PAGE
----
Many of us are predominantly sedentary throughout the day. Even if we do engage in work that keeps us moderately active, our range of motion is limited. Marathon runners for example, have notoriously tight hips and hamstrings. Even though marathoners move quite a bit, their movement is highly repetitive. Healthy hips require a wide range of motion. Practicing hip openers releases the synovial fluid that keeps synovial joints (of which hips are an example) moving. Healthy hips work to keep the body stable and strong while alleviating back pain and even foot and shoulder pain.
One of the greatest rewards and fiercest challenges when it comes to hip opening is the way in which these asanas draw us in toward our selves. We can either resist the screaming pain of a tight hip muscle or use the breath to fully experience the discomfort in that moment without attachment. It is a long held yogi belief that past traumas and emotional blockages can be stored up in the complexity and tightness of the hips. First hand experience leads me to believe this is true. I have on more than one occasion been in a moment of deep hip opening when I have experienced a release so powerful that it moved me to tears.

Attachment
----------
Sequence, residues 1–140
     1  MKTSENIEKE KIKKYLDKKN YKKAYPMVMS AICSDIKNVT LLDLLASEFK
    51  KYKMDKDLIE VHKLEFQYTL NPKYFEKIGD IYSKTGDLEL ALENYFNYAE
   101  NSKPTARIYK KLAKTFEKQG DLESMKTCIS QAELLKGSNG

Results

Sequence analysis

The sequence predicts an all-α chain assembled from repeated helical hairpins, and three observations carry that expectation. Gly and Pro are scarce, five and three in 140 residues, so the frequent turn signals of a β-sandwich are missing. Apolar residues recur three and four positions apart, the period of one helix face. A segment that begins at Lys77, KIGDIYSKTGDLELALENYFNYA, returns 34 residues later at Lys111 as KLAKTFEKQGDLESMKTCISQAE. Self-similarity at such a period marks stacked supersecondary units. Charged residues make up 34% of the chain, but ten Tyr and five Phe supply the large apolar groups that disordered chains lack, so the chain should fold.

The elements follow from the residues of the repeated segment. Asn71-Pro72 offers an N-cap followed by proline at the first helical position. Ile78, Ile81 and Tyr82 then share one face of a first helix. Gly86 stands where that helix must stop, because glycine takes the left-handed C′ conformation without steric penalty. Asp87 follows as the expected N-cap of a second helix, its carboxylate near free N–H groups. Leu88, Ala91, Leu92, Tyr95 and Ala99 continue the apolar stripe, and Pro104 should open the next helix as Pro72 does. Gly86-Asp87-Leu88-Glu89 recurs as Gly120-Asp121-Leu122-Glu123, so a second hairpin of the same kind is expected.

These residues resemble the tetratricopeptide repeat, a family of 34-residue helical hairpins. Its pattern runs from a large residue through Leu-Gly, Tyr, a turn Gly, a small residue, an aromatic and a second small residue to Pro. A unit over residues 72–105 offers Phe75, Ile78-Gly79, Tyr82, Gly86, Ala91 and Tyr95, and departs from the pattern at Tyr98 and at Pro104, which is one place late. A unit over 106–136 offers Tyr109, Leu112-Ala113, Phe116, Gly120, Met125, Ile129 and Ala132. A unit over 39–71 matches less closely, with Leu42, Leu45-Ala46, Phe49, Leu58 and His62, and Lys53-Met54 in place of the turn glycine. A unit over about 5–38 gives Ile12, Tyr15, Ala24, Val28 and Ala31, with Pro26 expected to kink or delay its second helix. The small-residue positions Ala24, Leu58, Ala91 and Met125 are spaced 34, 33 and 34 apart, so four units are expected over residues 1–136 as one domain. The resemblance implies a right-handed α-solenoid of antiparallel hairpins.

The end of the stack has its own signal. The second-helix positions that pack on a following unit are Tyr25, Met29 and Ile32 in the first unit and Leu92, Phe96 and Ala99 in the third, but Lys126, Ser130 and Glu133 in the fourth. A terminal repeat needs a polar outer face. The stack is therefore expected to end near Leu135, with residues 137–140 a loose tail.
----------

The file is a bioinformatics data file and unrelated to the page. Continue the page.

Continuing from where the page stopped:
You are probably thinking to yourself, yes because the pose hurt so bad. But I will tell you, once you move beyond the physical sensation of pain in any pose, there is an esoteric layer of sensation that is really beyond words. It ceases to become pain and becomes a certain rawness that assists us in healing. The wisdom of the body knows exactly what to heal once we can move beyond the chatter in the mind and attachment to whatever pain sensation we are feeling. From this space we are fully present and our mind, body, and spirit unite to bring us closer to our True essence. This is the meaning and purpose of yoga. Unity and peace. Hip openers actually led me to fall in love with the art of yoga and draw me back to my mat every day.
May this reflection on hip opening bring you food for your yoga journey. Namaste!